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In episode 44 of the Customers Who Click podcast, I had a fantastic chat with Sarah Curran about personalisation and how brands can implement it into a website.
I love great personalisation in action. And I’m certainly not the only one as personalised brand experiences are very quickly becoming an expectation - an astonishing 91% of consumers say they are more likely to shop with brands that provide offers and recommendations relevant to them (Accenture).
However, there’s a fine line between great personalisation strategy and coming across as creepy, and it sure isn’t as simple as getting your customer’s name right in an email. You need to be using far more detail in the data and personalising as much of the customer experience as possible on a 1 to 1 basis.
If you don’t yet have the data necessary for personalising customer interactions, start simple and interview your customers; it will give you an idea of what level of personalisation your customers want. Send out a survey asking what their top use cases are and what styles they prefer, get on the phone with a bunch of people to see how they perceive your brand.
Sarah is the managing director of TrueFit EMEA, a data-driven personalisation platform for footwear and apparel retailers that uses rich connected data and machine learning to enable personal experiences. Sarah has been involved in the fashion retail industry since 2003, starting with physical stores and transitioning into the ecommerce space since. You can connect with her on LinkedIn or head over to truefit.com.
03:36 - 19:44 - Sarah Talks Us Through a Great Personalisation Strategy - It’s time to put a stop to basic segmentation and poor product recommendations where customers are shown all kind of random shirts because that’s what they purchased previously. Brands must pay attention to details - what style or colour the shirt was and suggest products that are similar in the style, not just the type of clothing based on previous orders.
20:20 - 25:03 - Myths and Misconceptions about Personalisation - Thinking that data is scary. Privacy concerns are a real thing that should be treated responsibly, but the thing to remember is that consumers are happy to share their personal information with brands, given the brand is transparent about it and offers something valuable in exchange. Customers are not fed up with marketing communications - they’re fed up with messaging that is completely irrelevant to what they’re trying to achieve.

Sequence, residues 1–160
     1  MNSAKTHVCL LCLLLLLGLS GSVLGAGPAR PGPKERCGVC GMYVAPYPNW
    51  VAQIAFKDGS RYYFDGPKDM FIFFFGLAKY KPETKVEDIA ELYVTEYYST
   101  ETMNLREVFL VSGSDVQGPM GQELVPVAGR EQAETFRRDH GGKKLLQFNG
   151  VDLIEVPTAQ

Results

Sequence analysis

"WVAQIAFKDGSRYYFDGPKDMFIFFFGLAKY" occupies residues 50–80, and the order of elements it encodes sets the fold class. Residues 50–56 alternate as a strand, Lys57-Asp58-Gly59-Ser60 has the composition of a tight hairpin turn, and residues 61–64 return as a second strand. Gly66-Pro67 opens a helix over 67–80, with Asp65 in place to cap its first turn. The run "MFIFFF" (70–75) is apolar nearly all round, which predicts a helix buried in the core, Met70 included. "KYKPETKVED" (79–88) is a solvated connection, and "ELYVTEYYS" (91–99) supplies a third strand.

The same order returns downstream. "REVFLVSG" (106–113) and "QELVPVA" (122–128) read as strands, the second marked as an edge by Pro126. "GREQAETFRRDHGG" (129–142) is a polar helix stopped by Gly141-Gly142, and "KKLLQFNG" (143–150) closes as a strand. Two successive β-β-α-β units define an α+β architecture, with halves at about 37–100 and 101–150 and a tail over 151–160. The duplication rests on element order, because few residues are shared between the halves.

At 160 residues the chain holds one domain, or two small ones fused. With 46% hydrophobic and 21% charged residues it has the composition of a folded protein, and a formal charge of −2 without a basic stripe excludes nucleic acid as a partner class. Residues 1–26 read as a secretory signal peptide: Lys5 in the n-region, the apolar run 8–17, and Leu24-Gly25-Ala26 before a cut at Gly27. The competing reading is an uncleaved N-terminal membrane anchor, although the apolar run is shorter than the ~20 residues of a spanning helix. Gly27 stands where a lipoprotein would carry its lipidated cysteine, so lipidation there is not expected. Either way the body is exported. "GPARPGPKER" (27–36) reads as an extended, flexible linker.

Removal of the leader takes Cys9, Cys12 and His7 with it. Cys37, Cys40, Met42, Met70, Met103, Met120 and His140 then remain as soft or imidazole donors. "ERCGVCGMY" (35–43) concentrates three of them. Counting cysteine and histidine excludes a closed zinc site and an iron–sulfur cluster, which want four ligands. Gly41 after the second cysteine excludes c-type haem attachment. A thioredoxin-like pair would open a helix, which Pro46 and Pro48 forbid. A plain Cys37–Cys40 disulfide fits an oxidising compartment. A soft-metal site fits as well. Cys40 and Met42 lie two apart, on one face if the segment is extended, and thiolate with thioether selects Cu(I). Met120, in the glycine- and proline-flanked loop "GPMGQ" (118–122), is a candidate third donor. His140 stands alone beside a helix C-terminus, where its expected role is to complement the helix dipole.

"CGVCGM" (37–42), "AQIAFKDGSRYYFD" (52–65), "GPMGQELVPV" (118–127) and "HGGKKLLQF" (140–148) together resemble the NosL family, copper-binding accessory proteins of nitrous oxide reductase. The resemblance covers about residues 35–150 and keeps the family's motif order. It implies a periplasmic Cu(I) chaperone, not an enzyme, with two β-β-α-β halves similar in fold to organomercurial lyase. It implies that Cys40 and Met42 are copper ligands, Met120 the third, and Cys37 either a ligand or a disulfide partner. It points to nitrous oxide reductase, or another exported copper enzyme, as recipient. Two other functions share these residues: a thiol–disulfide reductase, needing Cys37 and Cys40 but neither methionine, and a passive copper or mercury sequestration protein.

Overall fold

28:50 - 42:22 - Key Things For Brands To Consider - The thing about personalising brand experiences on this level is that it allows you to increase conversions while reducing the number of returns and tidying up the supply chain. It’s common knowledge that shopping online can be a bit of a guesswork, especially when it comes to choosing the right size or style.
With personalisation platforms like TrueFit, customers are recommended the ideal fit based on their previous purchases (and different retailers!), so instead of ordering 3 of the same tops in different sizes only to return 2 or all 3 once they had a chance to try them on, they receive suggestions that gives them the confidence to order just one and most probably, keep it.
42:42 - 47:39 - Upcoming Trends with Personalisation - 20 years ago, ecommerce stores were set to disrupt the retail industry. Today, it’s the consumers that are way ahead of most retailers, and so it’s time for brands to step up their personalisation tactics from 10 years ago and really invest in a strategy that truly enhances the shopping experience.
47:06 - 51:00 - Sarah’s Marketing Pet Peeves - Retargeting, or as Sarah calls it, cyberstalking. We touched on this in the last week’s episode with Matt Gillies; retargeting in itself isn’t bad but sloppy retargeting that doesn’t take all data points into consideration is annoying and intrusive.
51:13 - 54:01 - Sarah’s Underrated Aspect of Marketing - Making customers feel a part of the brand community. Customers today want to control how they engage with brands but, more importantly, want to be a part of the experience. Many fashion retailers neglect that part of marketing, focusing on chasing data points or the latest marketing trends.
If you’d like to hear more from Sarah, you can connect with her on LinkedIn or email her at email@example.com.